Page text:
About the Yahrzeit Candle - Memorial Candle
Wednesday, November 16, 2011 10:48:32 AM Asia/Jerusalem
A yahrzeit candle also spelled yahrtzeit candle or called a memorial candle (Hebrew: ner neshama, meaning "soul candle"; Yiddish: yortsayt likht, meaning "anniversary candle") is a type of candle that is lit in memory of the dead in Judaism.
This kind of candle, that burns up to 26 hours, is also lit during the day of Yom Kippur or during Holocaust Remembrance Day ceremony (Yom HaShoah).
The use of a yahrzeit candle is a widely practiced custom, where mourners light a yahrzeit candle that burns for 24 hours, on the anniversary of the death on the Hebrew calendar. The word "yahrzeit" (Yiddish: yortsayt ) itself means "anniversary" (or more specifically "anniversary [of a person's death]") in Yiddish, originating from German Jahr, year, and Zeit, time. It is customary to light the candle inside one's home, or near the grave of the deceased. The candle is also lit on Yom Kippur and there are also customs to light a yahrzeit candle on the dates when yizkor is said (Yom Kippur, Shemini Atzeret, final day of Pesach, and [the second day of] Shavuot). It is also customary to light the candle during the shiva (week of mourning). The custom of lighting a yahrzeit candle comes from the Book of Proverbs 20:27 "The soul of man is a candle of the Lord."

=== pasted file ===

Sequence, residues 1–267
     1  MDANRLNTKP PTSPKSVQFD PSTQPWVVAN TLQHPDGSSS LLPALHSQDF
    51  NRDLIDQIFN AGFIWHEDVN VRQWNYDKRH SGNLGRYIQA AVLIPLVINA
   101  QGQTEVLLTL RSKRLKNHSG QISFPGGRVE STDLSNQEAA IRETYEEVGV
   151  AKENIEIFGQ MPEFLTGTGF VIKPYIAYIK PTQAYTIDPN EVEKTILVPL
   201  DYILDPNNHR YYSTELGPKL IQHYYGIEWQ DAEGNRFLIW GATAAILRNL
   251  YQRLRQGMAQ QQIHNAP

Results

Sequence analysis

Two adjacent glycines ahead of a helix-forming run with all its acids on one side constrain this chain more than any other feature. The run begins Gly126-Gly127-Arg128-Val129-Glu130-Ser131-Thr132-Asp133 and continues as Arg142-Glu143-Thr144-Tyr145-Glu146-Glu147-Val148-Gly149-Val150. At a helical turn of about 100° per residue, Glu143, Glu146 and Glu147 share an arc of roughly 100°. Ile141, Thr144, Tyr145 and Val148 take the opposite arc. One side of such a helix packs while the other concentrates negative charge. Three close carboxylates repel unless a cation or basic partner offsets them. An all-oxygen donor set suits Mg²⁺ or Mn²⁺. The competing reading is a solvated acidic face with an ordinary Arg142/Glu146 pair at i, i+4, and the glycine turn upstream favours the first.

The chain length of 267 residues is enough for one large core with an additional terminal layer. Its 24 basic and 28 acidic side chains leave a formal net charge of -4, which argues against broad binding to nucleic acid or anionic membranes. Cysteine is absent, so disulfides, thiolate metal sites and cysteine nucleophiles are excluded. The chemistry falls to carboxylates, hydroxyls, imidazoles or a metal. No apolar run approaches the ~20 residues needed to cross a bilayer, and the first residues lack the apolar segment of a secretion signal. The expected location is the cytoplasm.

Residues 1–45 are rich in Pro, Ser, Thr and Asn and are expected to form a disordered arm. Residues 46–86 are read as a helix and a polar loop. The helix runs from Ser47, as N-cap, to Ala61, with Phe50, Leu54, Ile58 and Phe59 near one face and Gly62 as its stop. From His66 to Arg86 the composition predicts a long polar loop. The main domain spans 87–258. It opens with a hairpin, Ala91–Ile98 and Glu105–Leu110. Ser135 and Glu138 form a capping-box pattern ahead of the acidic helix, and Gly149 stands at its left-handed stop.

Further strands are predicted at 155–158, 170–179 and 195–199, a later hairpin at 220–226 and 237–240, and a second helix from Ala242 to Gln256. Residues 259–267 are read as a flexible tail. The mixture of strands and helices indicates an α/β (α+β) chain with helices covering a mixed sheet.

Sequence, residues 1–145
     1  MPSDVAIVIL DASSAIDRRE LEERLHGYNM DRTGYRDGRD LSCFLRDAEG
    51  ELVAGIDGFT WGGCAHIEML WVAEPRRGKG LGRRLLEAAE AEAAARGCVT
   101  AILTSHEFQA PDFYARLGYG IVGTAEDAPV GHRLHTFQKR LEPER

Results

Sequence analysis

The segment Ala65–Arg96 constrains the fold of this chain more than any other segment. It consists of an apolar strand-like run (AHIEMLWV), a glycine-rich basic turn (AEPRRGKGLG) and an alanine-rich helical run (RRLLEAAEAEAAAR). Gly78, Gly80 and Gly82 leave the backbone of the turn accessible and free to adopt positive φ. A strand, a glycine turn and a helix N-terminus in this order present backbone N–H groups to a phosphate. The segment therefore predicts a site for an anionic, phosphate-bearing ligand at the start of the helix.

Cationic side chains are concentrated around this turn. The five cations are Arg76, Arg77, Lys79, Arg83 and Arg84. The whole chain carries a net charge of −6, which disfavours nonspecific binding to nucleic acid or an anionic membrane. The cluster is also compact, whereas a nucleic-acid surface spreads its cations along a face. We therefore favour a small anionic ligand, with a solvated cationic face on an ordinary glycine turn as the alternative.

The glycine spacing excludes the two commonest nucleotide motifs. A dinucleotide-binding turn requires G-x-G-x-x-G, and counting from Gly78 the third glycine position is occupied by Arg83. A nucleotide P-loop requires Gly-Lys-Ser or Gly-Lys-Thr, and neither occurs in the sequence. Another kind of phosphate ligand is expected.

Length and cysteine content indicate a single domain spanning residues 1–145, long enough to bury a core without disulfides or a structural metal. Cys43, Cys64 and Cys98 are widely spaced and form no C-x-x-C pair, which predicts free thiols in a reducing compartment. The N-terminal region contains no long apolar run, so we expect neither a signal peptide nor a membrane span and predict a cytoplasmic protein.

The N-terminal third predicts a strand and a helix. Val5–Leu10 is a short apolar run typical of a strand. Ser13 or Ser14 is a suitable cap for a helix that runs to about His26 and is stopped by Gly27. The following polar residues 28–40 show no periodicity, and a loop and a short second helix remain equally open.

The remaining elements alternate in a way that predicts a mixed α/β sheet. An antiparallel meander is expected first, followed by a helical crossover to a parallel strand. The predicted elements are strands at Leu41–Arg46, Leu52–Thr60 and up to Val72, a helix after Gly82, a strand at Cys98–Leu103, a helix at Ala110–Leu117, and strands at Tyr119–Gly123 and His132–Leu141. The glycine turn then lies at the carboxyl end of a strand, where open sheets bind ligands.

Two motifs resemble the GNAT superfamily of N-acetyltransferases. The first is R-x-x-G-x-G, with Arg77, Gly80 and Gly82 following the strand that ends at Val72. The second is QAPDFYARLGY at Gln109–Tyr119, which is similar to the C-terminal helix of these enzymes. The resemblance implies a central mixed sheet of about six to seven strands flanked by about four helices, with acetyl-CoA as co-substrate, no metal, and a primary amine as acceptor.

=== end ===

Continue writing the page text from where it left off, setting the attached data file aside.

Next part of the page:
The custom of lighting a yahrzeit candle for the deceased is very widespread and deeply ingrained in Jewish life. Many Jews who are otherwise unobservant follow this custom. Today, some people use an electric yahrheit candle that plugs into the wall instead of an actual candle for safety reasons.
The yahrzeit candle is lit during the week of Shiva (mourning). It is also lit at sundown on the eve of the yahrzeit (anniversary of the death) and at sundown preceding the start of Yom Kippur and at sundown preceding the last day of Succot, Passover and Shavuot. These holidays all have yizkor (memorial) in synagogue as well.